Decorators – NextGen Markup pt.2

Not sure what this is about? Have you read the first part?

Decorators are the second piece from the Web Components that we are going to focus on. They are elements named after the decorator programming pattern and rightly so. For those who are not familiar with the pattern, here is a short definition from the wikipedia article:

decorator pattern is a design pattern that allows behavior to be added to an individual object, either statically or dynamically, without affecting the behavior of other objects from the same class

Unfortunately there is no browser supporting decorators at the time this article is written (not even Chrome Canary), so we can only take a theoretic view on them. And, contradicting as it may sound, we will do that with an example.

Lets suppose we have a list of cars. And each car has the following info: model and brand, description, and image. We put everything in a nice markup and the end result would look something like this (showing with only one car):

<li class="car-item">
   <img class="car-image" title="Seat Ibiza" src="images/seat-ibiza.jpg" />
   <h3 class="car-model">Seat Ibiza</h3>
   <p class="car-description">The SEAT Ibiza is a supermini car manufactured by the Spanish automaker SEAT. It is SEAT&#039;s best-selling car and perhaps the most popular model in the company&#039;s range.</p>
</li>

Simple enough. Now lets suppose, that we want to put all the images inside something like a window frame. Where it would have 2 buttons: one to remove the image entirely and one to toggle show/hide. The normal way to do that is actually to go in the DOM, wrap the image with more divs, and end up with something as ugly as this:

<li class="car-item">
   <section class="window-frame">
      <header>
          <a class="frame-toggle" href="#">Min/Max</a>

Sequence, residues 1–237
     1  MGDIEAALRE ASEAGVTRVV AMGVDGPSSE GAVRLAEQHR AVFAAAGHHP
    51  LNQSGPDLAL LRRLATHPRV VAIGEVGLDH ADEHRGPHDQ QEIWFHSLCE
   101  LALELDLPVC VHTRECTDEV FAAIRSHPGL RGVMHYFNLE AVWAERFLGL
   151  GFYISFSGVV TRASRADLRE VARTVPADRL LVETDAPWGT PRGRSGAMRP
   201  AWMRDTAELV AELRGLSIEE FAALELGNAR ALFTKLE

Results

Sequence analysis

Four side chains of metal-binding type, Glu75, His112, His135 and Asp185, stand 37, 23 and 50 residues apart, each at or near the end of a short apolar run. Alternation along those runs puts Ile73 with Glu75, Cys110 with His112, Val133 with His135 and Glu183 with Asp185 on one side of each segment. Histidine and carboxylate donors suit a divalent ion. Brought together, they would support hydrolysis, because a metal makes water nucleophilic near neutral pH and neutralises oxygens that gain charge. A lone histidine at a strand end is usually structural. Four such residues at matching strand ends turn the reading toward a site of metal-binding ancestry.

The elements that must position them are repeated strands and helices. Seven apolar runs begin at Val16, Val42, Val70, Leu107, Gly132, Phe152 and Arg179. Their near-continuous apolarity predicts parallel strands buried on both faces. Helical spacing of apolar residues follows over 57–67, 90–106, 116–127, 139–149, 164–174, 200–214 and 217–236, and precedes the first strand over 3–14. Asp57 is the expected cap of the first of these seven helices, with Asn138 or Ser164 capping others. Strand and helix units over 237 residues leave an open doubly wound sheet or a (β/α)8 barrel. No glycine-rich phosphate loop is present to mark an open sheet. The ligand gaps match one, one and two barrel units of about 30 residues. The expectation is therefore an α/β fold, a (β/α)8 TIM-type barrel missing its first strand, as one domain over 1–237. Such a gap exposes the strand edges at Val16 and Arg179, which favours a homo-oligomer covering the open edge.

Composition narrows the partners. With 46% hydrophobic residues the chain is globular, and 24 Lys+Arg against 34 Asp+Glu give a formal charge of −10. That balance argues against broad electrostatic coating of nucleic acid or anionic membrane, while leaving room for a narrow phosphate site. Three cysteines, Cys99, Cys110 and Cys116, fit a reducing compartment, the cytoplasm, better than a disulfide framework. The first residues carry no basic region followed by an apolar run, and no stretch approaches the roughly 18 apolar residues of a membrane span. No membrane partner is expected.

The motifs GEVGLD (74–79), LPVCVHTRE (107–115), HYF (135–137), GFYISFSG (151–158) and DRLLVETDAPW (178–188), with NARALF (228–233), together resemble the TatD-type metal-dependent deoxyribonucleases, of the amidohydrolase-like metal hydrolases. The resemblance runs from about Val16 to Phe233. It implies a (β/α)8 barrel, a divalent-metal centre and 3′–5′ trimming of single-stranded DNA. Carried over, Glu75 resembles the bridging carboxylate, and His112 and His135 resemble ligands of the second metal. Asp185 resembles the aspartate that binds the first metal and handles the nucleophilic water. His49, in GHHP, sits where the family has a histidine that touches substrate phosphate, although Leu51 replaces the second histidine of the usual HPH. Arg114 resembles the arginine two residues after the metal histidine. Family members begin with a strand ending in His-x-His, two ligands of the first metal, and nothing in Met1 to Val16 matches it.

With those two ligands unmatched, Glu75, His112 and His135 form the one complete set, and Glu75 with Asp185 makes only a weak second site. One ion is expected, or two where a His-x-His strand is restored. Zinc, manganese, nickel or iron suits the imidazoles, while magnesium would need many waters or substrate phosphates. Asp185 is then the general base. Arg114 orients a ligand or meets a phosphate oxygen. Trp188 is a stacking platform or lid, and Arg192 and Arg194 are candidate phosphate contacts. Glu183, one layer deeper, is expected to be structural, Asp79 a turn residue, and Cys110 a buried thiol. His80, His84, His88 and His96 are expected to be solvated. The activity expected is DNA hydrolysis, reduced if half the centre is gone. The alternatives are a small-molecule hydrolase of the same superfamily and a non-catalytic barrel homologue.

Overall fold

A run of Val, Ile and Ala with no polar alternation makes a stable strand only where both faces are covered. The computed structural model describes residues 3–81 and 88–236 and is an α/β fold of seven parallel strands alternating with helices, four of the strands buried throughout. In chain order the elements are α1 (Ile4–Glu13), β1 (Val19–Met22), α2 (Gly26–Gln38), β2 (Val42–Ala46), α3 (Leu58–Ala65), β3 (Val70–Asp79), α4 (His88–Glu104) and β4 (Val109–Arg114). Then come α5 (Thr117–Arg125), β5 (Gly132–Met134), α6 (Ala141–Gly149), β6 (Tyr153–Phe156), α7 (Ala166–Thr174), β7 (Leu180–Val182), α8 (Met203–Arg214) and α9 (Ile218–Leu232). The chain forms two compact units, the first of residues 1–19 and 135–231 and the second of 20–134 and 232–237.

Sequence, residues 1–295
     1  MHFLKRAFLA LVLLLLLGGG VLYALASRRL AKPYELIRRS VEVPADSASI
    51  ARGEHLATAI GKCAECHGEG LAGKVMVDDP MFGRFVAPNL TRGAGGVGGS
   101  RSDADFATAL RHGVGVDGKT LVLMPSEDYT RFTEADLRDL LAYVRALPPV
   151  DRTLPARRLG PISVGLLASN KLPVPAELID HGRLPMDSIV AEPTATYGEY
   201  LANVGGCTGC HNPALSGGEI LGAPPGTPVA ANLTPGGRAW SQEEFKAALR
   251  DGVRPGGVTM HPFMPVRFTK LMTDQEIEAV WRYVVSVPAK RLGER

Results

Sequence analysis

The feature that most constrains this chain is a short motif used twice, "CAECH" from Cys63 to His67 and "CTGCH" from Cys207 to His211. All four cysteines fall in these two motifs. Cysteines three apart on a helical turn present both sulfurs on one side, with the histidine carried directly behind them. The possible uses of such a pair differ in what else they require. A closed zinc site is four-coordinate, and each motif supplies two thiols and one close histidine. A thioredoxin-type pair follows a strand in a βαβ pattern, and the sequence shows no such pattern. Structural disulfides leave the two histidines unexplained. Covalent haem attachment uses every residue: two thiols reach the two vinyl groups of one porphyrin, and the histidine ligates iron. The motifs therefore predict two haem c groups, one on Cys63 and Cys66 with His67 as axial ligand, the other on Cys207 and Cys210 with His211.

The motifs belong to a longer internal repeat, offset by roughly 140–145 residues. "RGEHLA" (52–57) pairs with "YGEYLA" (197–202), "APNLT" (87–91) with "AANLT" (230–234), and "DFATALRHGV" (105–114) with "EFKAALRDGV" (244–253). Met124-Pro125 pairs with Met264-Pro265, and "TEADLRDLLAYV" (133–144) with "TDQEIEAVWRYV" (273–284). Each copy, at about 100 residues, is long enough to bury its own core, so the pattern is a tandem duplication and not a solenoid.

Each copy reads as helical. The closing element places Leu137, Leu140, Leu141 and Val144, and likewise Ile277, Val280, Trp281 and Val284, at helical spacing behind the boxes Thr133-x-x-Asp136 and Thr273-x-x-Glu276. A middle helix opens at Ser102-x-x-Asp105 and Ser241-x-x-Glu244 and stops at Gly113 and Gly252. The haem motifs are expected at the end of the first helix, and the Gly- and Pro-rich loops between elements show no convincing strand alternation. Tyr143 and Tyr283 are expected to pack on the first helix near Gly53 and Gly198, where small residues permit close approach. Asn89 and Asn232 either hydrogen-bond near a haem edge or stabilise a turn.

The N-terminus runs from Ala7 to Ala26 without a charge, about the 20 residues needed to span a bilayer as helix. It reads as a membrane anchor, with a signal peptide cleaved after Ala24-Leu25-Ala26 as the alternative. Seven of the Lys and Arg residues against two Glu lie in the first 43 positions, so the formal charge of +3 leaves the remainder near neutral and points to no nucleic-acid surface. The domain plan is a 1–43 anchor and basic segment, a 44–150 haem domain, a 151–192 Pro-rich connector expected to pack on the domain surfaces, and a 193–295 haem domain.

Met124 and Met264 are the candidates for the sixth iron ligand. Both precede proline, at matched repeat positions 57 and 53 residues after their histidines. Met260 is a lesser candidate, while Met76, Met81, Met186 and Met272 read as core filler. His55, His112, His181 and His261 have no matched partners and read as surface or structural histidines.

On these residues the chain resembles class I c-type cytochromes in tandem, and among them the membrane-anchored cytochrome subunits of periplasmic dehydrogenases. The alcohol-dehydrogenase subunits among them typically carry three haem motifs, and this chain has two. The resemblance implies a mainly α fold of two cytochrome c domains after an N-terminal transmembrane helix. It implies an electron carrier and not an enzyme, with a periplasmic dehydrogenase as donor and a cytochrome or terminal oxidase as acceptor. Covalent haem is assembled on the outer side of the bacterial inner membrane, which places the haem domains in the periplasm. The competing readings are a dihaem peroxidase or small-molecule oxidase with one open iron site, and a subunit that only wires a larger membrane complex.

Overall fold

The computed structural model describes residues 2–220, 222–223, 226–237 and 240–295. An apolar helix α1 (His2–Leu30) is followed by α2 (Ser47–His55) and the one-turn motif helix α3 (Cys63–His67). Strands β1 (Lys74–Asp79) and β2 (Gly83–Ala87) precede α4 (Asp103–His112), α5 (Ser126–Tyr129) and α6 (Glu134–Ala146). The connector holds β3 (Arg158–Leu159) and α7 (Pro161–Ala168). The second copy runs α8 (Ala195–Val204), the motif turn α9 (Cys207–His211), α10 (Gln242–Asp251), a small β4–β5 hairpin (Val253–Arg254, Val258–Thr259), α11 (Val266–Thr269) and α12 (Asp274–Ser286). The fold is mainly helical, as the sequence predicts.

<a class="frame-close" href="#">Close</a>
      </header>
      <img class="car-image" title="Seat Ibiza" src="images/seat-ibiza.jpg" />
      <h3 class="car-model">Seat Ibiza</h3>
      <p class="car-description">The SEAT Ibiza is a supermini car manufactured by the Spanish automaker SEAT. It is SEAT&#039;s best-selling car and perhaps the most popular model in the company&amp;#039;s range.</p>
   </section>
</li>

Ugly, right? And you can imaging how bloated our source code gets. And try to inspect your page in the browser… nightmare!

So, what can decoratos do to help? Well, using a decorator, you can define that specific items in your DOM will be wrapped with some more markup, some styles and some functionality. Essentially extending their base functionality, but having the options of doing that only for a subset of elements. Lets see how a decorator for the above example would look like.

<decorator id="frame-decorator">
   <template>
      <section id="window-frame">
         <header>
            <a id="toggle" href="#">Min/Max</a>
            <a id="close" href="#">Close</a>
         </header>
         <content></content>
      </section>
   </template>
</decorator>